This paper analyzes the border effects between South Korea and North Korea, using international trade models with GeoDist database and EORA Input-Output Table. International trade flows depend on economic-geographical factors such as production levels and consumer tastes of exporting and importing countries, their physical and economic distances, and institutional and historical settings including discriminatory policies and ethical and linguistic identity. The border effect is defined as an asymmetric trade pattern between regions, and is estimated by the gravity trade model with a generalized nonlinear method of moment estimator to take into account an endogeneity problem between trades and economic growth factors. This paper finds that overall elasticity values of distance with respect to exports rapidly decreased in China, Japan and South Korea in 2000-2015 in spite of slightly increasing in the U.S. In addition, the equivalent distances to border effect tend to generally reduce in Northeast Asian Nations, and in particular, that of China to North Korea has substantially decreased from 2000 to 2015. Finally, it would be much cost-saving for South Korea and Japan to export goods to North Korea in a way of roundabout-exporting through China.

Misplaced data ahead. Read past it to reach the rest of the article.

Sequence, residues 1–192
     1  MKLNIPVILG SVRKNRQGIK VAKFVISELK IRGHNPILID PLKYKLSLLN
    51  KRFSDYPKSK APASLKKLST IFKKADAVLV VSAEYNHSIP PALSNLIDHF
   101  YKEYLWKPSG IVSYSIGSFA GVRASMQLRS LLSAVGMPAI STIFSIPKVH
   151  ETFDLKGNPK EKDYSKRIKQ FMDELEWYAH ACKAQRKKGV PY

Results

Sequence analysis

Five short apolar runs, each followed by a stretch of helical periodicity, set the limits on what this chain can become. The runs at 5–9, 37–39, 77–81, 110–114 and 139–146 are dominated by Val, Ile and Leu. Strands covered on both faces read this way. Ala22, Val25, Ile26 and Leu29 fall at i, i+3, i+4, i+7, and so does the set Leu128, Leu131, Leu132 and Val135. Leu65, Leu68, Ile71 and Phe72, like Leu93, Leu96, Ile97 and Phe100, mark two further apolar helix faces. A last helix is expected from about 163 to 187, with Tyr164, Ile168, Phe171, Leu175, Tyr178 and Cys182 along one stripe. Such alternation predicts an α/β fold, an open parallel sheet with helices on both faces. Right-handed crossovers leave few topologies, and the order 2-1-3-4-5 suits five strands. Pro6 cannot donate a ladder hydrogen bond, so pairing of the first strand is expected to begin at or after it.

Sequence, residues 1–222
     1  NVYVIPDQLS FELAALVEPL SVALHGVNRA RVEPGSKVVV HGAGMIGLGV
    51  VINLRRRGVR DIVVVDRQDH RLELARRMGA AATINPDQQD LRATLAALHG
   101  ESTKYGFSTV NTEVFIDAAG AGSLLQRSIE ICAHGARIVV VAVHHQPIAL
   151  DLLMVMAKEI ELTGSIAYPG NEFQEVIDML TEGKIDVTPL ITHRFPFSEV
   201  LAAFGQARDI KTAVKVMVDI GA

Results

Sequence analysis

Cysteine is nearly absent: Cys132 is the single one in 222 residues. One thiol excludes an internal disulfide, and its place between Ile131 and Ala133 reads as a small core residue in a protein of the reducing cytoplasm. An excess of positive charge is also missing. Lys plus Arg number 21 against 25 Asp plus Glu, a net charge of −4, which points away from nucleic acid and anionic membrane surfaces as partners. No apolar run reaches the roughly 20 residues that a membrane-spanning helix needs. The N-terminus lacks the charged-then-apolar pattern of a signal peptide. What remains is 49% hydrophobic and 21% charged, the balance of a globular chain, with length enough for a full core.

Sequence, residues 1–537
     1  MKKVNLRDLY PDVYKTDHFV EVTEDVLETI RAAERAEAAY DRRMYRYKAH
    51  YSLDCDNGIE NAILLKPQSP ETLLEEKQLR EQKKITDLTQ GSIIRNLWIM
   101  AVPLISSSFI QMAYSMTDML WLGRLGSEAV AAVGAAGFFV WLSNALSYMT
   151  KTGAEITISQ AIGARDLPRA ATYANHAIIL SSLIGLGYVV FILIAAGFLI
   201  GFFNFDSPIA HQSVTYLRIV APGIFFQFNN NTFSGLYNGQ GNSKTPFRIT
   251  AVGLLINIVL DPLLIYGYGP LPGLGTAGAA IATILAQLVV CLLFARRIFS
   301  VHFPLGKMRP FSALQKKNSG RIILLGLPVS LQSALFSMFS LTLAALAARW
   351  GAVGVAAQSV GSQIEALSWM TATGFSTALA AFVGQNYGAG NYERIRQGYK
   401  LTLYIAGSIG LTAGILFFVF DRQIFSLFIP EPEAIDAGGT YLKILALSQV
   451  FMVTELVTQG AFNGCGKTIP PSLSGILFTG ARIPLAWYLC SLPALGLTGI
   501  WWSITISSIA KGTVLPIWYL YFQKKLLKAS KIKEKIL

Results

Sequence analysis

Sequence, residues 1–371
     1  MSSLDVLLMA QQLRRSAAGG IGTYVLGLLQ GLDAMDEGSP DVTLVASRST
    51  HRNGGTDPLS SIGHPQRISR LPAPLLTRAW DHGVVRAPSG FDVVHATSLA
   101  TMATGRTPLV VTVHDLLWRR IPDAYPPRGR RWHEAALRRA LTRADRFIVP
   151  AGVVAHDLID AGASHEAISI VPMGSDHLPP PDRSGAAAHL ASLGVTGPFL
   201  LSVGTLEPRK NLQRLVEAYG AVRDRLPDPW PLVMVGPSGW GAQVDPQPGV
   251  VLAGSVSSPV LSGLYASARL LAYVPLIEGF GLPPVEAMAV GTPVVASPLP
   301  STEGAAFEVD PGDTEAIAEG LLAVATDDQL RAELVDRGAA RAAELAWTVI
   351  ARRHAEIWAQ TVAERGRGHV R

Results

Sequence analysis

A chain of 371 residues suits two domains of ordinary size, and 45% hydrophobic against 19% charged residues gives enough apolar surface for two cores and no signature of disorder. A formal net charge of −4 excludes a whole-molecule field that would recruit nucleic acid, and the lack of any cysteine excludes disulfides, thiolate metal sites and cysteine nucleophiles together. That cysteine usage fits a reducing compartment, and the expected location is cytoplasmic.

About the Speaker:
Prof. Euijune Kim is Professor of Regional Science and Planning in the Department of Agricultural Economics and Rural Development at Seoul National University. Professor Kim holds a PhD in Regional Science from Cornell University, and has expertise in the areas of regional economics, infrastructure policy, and CGE modelling. He has received numerous awards and prizes thanks to his crucial contribution to the regional science field, and his research outcomes have been widely published in the field’s major journals, including Papers in Regional Science, Urban Studies, and Real Estate Economics. Professor Kim was the president of the Korean Regional Science Association in 2014/15 and served as a chief editor for the Annals of Regional Science and the International Journal of Urban Sciences. He also holds visiting research professorships at the University of Hong Kong and the University of Illinois, Urbana-Champaign.
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